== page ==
It's been a few days now since the headline-generating news about mammograms. (Another, similar, study on tests for cervical cancer went relatively unnoticed.) In a nutshell, the new study suggests that women have been misled (most likely with the best of intentions) about the efficacy of frequent mammography (radioactive photographs of the breast) and - perhaps most shocking - the self-examination that has been drummed into them for decades like a mantra. Predictably, Letters to the Editor, and interviews with professionals and advocates for women's health issues have responded angrily. The study advises less frequent screening, for a variety of reasons backed up by years of data. The angry individuals assert that screening can save lives, with minimal cost or bother. (Few people, I noticed, mention the radiation involved in frequent screening - regardless of its efficacy.)
I cannot be the only woman who reads both sides of this contentious issue and asks herself whom to believe? Even with my science training, I find it a huge muddle of pros and cons to weed through. No wonder there is so much disrespect for scientists in the general public!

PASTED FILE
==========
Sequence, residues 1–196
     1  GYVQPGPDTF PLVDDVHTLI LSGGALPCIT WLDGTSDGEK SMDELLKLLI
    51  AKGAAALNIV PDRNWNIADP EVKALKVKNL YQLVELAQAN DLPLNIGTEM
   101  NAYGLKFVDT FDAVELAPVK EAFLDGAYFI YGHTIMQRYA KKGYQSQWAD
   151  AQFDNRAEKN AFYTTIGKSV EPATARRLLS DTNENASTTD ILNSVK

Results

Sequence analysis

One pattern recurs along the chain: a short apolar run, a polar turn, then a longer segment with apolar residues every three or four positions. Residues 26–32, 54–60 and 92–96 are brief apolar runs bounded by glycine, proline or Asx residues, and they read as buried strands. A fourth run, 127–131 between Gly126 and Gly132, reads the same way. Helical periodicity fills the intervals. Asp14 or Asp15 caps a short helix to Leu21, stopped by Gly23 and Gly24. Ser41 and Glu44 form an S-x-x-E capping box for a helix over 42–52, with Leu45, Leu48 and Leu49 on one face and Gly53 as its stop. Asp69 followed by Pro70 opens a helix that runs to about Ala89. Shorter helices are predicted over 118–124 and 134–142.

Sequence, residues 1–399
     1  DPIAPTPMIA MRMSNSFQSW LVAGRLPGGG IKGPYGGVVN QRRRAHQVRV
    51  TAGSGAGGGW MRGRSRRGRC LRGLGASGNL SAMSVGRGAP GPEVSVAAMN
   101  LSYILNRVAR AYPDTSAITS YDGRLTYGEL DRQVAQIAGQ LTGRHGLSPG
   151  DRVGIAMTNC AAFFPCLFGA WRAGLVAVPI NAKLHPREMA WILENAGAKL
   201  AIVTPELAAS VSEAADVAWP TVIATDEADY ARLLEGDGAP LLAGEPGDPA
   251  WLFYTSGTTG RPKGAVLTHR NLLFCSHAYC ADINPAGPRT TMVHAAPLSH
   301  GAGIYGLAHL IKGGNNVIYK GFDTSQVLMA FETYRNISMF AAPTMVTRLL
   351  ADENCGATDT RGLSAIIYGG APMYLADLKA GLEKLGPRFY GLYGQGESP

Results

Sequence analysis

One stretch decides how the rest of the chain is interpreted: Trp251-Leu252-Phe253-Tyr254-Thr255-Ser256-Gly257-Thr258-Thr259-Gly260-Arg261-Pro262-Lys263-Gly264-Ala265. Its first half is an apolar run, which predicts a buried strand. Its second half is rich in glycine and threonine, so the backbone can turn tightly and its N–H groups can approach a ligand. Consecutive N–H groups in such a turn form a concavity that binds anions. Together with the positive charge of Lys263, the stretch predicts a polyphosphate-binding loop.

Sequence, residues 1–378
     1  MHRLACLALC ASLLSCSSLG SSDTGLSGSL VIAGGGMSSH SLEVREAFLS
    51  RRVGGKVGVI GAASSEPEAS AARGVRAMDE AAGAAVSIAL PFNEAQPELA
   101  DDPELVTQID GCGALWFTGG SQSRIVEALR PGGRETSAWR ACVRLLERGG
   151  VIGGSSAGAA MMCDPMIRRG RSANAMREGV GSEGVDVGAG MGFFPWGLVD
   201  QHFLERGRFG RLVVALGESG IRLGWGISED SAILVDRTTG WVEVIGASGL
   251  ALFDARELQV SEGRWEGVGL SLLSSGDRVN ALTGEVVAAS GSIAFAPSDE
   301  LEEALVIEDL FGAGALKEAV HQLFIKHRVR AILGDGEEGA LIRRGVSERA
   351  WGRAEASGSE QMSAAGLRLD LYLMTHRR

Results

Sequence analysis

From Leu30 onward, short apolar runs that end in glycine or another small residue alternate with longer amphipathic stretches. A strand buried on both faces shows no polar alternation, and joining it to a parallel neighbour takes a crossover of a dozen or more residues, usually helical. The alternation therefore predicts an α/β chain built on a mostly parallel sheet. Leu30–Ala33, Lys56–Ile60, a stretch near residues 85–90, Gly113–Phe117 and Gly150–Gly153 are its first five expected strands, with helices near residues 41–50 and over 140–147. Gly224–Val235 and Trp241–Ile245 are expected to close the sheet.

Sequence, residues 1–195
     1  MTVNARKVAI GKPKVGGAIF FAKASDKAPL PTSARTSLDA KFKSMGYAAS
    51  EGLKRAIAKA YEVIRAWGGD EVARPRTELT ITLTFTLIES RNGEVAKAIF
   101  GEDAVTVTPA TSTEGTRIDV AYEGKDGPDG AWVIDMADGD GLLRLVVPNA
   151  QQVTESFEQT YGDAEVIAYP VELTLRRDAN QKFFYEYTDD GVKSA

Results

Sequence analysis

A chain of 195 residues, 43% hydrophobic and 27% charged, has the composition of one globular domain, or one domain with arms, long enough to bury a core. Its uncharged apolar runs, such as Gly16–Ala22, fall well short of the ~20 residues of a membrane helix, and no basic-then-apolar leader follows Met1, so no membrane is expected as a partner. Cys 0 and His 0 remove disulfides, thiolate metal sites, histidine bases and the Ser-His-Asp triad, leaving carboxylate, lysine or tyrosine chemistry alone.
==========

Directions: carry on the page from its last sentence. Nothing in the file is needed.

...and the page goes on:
I had not intention of trying to come to a conclusion here. I want to bring this up because it reminds me of one of the human mind's great weaknesses: the inability to achieve balance. It is far easier to dwell in one ideological extreme or the other than to strike a happy medium. We can all think of an example of someone who didn't just convert to a noble cause, but became an insufferable zealot. And I have met many people who either really love something or really hate it - no in between.
The Buddhists understood this tendency well. They advise the Middle Way. Neither abject poverty and hair-shirt self-deprivation, nor distracting self-indulgence should be your goal (differing quite signifcantly from many religions). Similarly, you should avoid either plunging into despair or soaring into exultation: both wreak havoc on the spirit. Simple lifestyle, serene demeanor ... how easy to prescribe and how difficult to attain in this modern world!
As for the conflicting schools of risk assessment: to our inherent human frailty, we have medical technology, statistics, and politics to add to the mix. How do we choose the right point on the spectrum from fear to reassurance?